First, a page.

In July of 1938, in response to the ever-increasing Jewish refugee crisis in Europe, President Franklin D. Roosevelt convened an international conference in Evian, France, involving thirty-two nations. What came to be known as the Evian Conference is now seen as an unadulterated failure of the world of nations to accept any accountability for German and Austrian Jewish refugees now searching for a safe haven away from Nazi brutality. Only one country—the Dominican Republic—agreed to accept Jewish refugees, 100,000 in total. Led by dictator General Rafael Leonidas Trujillo Molina, the Dominican Republic admitted 645 Jews from 1938 to 1945, and issued approximately 5,000 visas to Jews during that period.
The Dominican Republic was aided heavily by the American Jewish Joint Distribution Committee (The Joint), which established the Dominican Republic Settlement Association (DORSA) through its agricultural arm, the American Jewish Joint Agricultural Corporation. This organization provided funding and infrastructure to the largely urban German Jewish population who would take up residence as farmers, dairy, and meat producers in Sosúa and other locations throughout the country. Life in this unlikely haven was far from ideal, particularly for those Jews accustomed to the metropolitan centers of Central Europe. Farms failed, the weather was uncooperative, and the small Jewish population meant it was difficult to start a family. Many Jewish men married (or simply took up company with) Dominican women. This is not, however, a story of assimilation into a local population—in fact, quite the opposite. Instead, the Jewish population of Sosúa largely maintained its European customs and sense of identity. This is reflected in the mass exodus that occurred in the years following the war. Today, Sosúa's Jewish population is nonexistent.1
While it would be easy to categorize the Dominican Republic's wartime actions as a heroic antidote to other, much larger nations' apathetic response to the Jewish refugee crisis, such an understanding would flatten the complex situation of this small nation, and the personality of General Trujillo. Trujillo controlled the Dominican Republic (both officially and unofficially) from 1930 until his assassination in 1961. In fact, he viewed the influx of refugees as an opportunity to promote white colonization efforts, and suppress the local black Haitian population at its border. Indeed, one year prior to the 1938 Evian Conference, a massacre of thousands of Haitian immigrants occurred under Trujillo's direct orders.2 Trujillo’s embrace of the (white) German Jewish settlers, then, was far from neutral.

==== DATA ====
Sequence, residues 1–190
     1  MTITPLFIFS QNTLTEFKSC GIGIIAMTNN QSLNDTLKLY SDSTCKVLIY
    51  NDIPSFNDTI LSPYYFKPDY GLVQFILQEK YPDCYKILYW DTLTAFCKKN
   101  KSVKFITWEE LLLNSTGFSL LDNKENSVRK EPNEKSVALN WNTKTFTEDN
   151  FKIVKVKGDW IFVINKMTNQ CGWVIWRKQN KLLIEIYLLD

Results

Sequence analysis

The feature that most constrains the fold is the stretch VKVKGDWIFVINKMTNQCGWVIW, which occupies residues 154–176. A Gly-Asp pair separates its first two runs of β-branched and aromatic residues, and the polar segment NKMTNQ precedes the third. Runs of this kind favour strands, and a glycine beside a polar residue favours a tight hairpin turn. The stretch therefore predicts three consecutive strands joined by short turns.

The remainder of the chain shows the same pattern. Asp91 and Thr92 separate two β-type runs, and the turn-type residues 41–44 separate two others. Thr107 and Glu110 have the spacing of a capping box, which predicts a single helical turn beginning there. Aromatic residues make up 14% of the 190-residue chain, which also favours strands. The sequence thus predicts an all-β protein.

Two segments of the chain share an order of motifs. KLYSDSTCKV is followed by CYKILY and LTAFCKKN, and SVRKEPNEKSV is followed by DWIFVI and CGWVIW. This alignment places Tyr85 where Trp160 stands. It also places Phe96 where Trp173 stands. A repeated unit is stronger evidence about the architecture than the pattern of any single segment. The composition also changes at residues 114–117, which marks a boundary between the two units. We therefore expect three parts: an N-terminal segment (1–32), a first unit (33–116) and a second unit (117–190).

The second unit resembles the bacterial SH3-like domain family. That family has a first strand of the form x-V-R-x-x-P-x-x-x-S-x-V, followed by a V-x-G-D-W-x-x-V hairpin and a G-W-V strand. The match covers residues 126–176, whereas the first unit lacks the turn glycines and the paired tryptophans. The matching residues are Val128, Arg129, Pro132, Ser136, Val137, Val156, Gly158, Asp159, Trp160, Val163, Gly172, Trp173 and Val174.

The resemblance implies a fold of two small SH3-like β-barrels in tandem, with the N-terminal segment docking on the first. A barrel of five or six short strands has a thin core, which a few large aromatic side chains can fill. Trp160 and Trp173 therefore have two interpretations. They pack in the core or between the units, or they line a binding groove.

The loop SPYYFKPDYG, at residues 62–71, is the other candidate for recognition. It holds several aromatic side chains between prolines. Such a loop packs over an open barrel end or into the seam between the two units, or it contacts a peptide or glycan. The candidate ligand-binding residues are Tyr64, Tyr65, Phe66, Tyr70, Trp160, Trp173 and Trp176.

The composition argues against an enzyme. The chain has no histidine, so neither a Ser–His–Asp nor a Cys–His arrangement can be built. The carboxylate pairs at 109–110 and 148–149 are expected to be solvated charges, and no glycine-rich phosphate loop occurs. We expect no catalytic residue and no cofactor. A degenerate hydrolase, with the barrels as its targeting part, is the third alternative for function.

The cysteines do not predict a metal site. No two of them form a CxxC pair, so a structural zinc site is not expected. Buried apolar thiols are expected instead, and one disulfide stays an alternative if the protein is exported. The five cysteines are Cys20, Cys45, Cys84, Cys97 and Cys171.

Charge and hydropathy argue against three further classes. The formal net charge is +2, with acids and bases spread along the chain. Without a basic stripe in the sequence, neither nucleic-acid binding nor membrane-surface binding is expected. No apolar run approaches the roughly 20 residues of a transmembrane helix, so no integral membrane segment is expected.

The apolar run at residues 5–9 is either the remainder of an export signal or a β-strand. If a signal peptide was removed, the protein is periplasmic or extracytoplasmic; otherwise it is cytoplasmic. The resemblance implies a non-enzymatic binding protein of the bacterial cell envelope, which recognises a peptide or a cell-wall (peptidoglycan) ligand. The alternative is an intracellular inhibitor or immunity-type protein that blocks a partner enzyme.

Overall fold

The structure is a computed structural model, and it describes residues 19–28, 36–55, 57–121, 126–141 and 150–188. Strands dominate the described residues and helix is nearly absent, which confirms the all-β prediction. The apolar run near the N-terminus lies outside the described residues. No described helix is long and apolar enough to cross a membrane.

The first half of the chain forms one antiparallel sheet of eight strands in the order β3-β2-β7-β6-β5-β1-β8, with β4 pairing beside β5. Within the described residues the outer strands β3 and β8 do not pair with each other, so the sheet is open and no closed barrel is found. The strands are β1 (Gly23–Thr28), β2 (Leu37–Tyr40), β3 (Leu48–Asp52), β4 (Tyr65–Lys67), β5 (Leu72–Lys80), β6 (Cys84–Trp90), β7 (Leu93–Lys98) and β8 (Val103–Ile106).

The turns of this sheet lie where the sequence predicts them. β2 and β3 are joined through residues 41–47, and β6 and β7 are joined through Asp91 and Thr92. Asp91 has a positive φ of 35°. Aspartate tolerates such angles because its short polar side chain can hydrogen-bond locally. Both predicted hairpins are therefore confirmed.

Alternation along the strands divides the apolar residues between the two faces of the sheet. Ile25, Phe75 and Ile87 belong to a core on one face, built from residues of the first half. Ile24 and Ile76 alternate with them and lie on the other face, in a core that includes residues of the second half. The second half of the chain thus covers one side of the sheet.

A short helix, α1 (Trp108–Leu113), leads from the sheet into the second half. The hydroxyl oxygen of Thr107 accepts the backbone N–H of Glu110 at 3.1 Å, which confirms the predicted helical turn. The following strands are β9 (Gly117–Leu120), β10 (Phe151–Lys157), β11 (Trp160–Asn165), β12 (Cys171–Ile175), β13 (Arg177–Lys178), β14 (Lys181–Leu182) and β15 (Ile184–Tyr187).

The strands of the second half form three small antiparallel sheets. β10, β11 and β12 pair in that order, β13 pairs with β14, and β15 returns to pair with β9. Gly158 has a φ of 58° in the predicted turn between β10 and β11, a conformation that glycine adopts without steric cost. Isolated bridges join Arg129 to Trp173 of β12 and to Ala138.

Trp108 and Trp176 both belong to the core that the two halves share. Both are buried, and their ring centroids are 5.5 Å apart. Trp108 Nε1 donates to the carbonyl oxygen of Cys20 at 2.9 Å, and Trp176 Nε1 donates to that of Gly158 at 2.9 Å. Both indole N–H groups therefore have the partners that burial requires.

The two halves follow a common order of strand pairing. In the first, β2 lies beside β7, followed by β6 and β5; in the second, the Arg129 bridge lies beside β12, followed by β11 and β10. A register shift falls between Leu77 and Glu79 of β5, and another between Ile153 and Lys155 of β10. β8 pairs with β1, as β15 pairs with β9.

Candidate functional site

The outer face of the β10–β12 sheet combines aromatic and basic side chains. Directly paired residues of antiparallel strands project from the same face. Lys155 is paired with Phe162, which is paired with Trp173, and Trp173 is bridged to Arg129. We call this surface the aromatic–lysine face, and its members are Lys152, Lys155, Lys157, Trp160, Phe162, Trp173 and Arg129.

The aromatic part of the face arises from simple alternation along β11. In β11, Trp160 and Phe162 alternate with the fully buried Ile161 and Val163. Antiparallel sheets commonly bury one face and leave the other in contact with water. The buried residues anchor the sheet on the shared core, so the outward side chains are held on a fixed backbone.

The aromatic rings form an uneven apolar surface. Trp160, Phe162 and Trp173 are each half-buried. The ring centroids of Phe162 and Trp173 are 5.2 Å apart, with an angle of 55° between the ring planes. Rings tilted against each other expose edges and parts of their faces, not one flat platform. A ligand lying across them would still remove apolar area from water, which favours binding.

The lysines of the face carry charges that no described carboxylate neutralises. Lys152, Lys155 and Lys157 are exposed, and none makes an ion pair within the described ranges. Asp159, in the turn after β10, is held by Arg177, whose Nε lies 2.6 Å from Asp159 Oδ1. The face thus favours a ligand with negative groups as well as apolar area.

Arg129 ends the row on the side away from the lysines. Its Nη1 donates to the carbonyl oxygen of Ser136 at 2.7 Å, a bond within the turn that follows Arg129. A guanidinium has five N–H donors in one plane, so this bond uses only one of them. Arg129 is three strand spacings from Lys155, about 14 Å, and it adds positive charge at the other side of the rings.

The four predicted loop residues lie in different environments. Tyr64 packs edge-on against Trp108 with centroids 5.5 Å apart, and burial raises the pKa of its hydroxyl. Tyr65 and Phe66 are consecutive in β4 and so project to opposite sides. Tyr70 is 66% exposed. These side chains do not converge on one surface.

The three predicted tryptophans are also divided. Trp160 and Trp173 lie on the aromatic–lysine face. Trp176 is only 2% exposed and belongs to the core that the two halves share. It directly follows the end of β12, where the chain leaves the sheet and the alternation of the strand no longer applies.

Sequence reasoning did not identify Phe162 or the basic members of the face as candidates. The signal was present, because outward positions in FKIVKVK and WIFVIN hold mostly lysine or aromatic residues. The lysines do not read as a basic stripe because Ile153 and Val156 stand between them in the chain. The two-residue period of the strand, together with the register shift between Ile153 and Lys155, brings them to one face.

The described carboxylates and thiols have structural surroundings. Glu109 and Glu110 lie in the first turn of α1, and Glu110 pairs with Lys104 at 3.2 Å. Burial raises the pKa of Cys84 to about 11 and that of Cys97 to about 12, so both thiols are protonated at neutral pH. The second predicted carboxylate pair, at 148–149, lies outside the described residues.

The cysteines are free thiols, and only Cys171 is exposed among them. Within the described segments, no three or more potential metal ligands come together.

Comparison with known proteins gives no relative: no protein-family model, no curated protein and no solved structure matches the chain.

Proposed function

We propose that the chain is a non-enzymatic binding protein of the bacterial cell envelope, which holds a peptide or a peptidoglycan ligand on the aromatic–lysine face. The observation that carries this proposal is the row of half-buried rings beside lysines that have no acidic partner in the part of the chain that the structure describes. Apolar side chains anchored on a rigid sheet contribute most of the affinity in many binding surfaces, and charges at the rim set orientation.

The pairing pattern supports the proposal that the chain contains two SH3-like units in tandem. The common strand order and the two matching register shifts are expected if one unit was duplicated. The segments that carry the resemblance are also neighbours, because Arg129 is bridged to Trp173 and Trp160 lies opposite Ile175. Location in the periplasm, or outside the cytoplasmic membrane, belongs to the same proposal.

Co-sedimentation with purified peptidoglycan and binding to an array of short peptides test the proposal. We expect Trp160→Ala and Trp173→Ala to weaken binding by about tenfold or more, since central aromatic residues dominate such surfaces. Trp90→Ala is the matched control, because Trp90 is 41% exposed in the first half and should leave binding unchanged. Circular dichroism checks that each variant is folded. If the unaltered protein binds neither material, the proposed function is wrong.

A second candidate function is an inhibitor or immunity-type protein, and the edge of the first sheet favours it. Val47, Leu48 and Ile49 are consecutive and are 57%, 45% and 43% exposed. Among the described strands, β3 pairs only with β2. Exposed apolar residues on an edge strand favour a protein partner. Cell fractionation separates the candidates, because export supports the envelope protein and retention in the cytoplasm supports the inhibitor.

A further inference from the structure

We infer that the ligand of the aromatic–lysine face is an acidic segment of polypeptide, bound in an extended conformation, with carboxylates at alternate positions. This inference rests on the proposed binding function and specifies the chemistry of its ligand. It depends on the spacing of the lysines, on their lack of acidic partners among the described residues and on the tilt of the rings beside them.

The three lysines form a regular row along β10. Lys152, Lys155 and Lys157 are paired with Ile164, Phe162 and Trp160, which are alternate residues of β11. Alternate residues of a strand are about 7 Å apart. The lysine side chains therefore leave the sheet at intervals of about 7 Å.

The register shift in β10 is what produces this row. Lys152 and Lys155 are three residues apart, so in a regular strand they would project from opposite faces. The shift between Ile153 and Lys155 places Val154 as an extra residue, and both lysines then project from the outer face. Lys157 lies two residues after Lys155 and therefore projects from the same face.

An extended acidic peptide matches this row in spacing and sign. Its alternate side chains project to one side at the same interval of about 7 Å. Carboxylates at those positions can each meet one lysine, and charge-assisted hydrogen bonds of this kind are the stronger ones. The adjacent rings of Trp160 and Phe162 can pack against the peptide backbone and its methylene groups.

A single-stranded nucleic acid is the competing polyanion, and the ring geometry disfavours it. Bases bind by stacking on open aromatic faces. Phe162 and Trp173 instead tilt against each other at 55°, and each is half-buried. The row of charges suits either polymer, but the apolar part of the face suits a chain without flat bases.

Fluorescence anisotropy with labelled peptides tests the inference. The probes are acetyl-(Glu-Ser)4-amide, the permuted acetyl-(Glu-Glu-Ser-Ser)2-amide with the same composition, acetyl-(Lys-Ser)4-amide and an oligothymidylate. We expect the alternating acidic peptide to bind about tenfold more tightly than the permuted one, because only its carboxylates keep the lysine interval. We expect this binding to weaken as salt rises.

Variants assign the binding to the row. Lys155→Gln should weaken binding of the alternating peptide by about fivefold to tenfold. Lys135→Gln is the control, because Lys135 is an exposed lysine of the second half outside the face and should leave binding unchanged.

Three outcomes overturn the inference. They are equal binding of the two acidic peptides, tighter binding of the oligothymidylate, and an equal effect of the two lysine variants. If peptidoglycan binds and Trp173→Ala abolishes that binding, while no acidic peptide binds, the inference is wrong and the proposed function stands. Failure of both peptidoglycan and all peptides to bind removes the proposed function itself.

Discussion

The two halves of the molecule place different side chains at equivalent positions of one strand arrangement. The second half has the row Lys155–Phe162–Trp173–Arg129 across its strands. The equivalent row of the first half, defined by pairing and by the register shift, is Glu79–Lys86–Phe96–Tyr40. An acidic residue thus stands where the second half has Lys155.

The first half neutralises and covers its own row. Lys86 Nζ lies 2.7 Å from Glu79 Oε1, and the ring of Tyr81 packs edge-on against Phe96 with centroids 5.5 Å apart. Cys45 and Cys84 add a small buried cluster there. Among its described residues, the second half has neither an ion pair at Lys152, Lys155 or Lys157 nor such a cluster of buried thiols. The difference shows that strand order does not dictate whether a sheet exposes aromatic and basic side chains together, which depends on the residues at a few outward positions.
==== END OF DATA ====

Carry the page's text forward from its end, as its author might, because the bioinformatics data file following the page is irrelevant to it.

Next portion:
This film, entitled Sosua: Haven in the Caribbean, is a nine-minute advertisement for the supposed success of this German Jewish refugee community. Produced by DORSA, the film depicts the Jewish community as productive, integrated, and family-oriented. The precise intended audience for this film is unknown. Overall, the Dominican Republic is cast as a safe harbor and protector, and its ruler, General Trujilo, as the savior of the refugee community. Tellingly, the film never refers to these refugees as Jews. It also presents the Dominican Republic as an open land of opportunity, with only passing and fleeting images of any native or non-white populations. In short, Sosúa is a virtual utopia, filled with productive and hardworking people who will make it prosperous and fruitful. The reality was far more complex and nuanced.